Australasian Plant Conservation
Originally published in Australasian Plant Conservation 13(4), March - May 2005
Centre for Plant Biodiversity Research, CSIRO Plant Industry
Amongst the most severe current threats to
global biodiversity are human-induced processes such as land use change and
invasive species. Fragmentation of habitat, being one of the consequences of
these processes, is often recognised as the number one threat to biodiversity
and as such has attracted considerable research effort. The field of
restoration ecology is rapidly developing principles and practices to address
these major issues.
The strength of ANPC is in the effective
transfer and exchange of skills linking the outcomes of scientific research to
on-ground practitioners. This has recently been recognised by the NSW
Environmental Trust through additional support to enable ANPC to run the
Translocation of Threatened Plants Workshop in three regional areas of NSW this
year. The first of these will be held in Queanbeyan on Wednesday 18th May
followed by Newcastle in July and Coffs Harbour in August. See page 32 of this
issue for additional information.
Staff of the ANPC office are also currently
developing programs for another three workshops to be held in regional NSW
during the remainder of 2005, largely funded by the NSW Environmental Trust.
These workshops on rehabilitation of disturbed native vegetation are scheduled
for Armidale, Wagga Wagga and Dubbo. An additional grass identification workshop
will be offered in Dubbo. Details of these workshops can be found on the ANPC website.
Plans for the National Conference on Plant Conservation: The Challenges of Change are progressing well. This year's conference will be held in Adelaide from 26th
September to 1st October, hosted jointly with the South Australian Department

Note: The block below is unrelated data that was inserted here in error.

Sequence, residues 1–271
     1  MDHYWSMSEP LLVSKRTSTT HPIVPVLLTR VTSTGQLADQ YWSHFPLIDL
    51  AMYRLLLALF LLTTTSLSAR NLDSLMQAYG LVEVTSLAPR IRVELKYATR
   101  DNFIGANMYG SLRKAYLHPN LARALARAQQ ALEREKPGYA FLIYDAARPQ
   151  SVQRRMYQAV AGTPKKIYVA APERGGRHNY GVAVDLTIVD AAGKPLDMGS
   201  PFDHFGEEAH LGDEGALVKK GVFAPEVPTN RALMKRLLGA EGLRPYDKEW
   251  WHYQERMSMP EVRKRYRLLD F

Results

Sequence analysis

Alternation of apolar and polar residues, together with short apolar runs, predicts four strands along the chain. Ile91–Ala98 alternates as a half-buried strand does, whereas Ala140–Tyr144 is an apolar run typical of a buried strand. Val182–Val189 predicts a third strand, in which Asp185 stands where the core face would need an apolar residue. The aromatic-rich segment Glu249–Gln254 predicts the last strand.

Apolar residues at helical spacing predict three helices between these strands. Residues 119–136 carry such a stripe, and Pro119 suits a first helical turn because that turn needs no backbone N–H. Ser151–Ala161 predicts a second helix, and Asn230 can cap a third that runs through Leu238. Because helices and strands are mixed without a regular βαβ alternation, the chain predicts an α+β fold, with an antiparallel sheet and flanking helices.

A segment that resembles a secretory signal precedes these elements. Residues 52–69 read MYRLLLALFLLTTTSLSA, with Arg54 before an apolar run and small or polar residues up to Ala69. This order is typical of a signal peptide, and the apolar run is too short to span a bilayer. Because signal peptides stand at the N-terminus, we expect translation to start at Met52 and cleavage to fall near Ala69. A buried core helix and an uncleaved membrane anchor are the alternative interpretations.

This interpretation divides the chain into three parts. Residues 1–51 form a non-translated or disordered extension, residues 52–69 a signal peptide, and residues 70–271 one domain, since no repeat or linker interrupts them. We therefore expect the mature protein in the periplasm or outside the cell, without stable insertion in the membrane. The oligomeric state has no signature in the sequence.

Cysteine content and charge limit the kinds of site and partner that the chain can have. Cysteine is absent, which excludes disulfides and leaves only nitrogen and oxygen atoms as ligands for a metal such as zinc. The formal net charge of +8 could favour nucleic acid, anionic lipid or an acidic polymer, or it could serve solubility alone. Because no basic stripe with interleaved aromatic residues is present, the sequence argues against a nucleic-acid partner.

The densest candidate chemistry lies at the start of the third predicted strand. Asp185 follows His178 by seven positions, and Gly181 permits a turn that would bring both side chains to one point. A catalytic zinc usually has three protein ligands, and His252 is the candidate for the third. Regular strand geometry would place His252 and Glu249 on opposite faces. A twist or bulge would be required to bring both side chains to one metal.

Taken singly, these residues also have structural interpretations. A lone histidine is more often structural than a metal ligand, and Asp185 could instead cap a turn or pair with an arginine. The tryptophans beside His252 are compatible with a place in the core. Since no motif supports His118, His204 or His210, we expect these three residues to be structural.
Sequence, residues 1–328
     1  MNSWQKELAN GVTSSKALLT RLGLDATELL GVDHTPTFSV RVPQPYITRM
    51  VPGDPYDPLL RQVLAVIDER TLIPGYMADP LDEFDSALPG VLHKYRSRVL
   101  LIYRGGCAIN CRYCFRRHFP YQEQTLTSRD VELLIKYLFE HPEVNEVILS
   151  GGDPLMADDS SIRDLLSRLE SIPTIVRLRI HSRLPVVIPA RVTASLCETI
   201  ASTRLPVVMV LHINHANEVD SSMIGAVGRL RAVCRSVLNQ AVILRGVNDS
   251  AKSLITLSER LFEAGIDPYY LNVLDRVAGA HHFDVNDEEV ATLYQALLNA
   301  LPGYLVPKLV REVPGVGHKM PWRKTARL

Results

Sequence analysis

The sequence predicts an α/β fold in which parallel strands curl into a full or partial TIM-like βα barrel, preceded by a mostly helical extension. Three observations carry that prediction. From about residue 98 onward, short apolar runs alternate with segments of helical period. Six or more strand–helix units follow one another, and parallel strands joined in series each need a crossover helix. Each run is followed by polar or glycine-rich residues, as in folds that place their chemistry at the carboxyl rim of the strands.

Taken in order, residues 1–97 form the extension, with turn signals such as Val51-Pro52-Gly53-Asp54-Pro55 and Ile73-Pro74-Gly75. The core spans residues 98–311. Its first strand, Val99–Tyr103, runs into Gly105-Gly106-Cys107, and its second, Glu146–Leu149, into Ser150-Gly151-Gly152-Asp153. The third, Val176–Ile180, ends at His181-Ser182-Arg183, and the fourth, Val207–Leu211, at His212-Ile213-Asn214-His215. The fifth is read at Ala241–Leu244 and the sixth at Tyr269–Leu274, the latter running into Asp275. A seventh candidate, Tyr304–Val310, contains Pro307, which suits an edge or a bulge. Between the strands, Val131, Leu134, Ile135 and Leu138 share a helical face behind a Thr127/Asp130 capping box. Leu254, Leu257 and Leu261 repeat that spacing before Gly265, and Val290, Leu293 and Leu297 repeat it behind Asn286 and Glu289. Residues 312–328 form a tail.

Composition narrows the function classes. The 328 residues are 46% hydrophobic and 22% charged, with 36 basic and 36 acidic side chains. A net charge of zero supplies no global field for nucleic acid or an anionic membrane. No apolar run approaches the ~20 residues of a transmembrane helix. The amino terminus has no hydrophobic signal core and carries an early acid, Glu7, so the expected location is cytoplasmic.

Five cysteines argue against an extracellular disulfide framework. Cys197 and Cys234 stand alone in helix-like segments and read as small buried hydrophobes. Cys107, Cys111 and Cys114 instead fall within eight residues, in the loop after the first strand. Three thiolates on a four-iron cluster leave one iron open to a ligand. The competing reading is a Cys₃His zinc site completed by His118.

for Environment and Heritage and the Botanic Gardens of Adelaide. Four
sub-themes have been recognised to tease out the challenges we are facing in
plant conservation into the future -
- Extreme policy changes
- Urban ecology
- Using revegetation to achieve ecological outcomes
- Indigenous interests in conservation
Abstracts for papers are due June 17 - see
See the back cover of this issue for further
The conference will include two days of
scientific program, a field day and two days of workshops, several of which
arose from suggestions made in the evaluation forms submitted by participants in
last year's South East Queensland workshops.
I would like to remind you that subscriptions to ANPC for 2005 are now overdue. Several
members, both renewing and new, have taken up our new 3-year membership offer
(for the price of 2.5 years membership). However, many members have not yet
renewed for 2005. We urge you to renew your membership if you have not yet done
so - members are vital to the organisation's future.
The recent announcement that the Australian
Government is proposing to discontinue its support for environmental and
community groups is very disappointing. The Grants to Voluntary Environment and
Heritage Organisations (GVEHO) have played a significant role in supporting the
infrastructure of many NGOs carrying out diverse activities and functions in the
community. It has always seemed to represent an enlightened program with the
government essentially funding conservation and environment groups to keep an
eye on them and to lobby about conservation issues.
I hope this
special edition of APC on "Pathogens and Plant Conservation" is a stimulus to
many of you and results in increased recognition of the role of pathogens in the
ecosystem. The ANPC greatly appreciates the Sydney Harbour Federation Trust's
sponsorship towards this issue of Australasian Plant Conservation.